Detention With Intention

, , , , , | Learning | November 18, 2018

(The school I work for holds its detentions after school by default, with a maximum of one hour per day, depending on the nature of the offence. I am answering the phone.)

Me: “Good morning, [School].”

Caller: “Who should I talk to concerning issues with my son? Is it his tutor?”

Me: *thinking this is going to be a bullying issue* “Depending on the circumstances, the first port of call would either be his tutor or his head of year. May I ask what the problem is, ma’am?”

Caller: “You see, my son was late yesterday, and he could’ve been on time today, and he decided that since he was hungry, so he went to [Fast Food Place] at [Local Station]. What’s more, I found out he has left his PE kit behind, so I want them to know that I demand that he gets an hour’s detention tonight.”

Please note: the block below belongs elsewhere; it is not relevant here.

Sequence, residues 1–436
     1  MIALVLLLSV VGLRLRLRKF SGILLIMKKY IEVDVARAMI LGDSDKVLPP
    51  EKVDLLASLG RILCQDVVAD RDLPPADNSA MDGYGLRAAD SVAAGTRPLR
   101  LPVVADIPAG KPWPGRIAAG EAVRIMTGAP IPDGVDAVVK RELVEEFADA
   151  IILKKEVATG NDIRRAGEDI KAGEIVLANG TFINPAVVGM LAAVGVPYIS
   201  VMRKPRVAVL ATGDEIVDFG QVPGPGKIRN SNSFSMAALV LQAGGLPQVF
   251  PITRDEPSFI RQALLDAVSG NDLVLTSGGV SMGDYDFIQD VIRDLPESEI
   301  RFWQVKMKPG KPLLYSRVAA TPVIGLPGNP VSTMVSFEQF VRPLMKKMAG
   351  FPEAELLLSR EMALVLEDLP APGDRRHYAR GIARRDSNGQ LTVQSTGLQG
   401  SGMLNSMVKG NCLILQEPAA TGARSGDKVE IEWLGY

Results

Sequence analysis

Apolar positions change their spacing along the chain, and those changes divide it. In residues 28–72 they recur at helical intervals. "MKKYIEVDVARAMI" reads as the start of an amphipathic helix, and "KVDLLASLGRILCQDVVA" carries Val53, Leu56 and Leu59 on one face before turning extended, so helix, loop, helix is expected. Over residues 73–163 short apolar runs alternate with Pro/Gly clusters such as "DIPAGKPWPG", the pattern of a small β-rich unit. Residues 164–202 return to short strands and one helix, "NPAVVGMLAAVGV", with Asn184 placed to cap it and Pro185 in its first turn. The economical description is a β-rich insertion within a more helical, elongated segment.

Me: *genuinely surprised* “Not a problem, ma’am; I will pass that on to his head of year.”

(I get so used to parents trying to get kids out of detention that it floors me when someone tells me they want their child to be penalised. I shared this with some teachers and they found it brilliant.)

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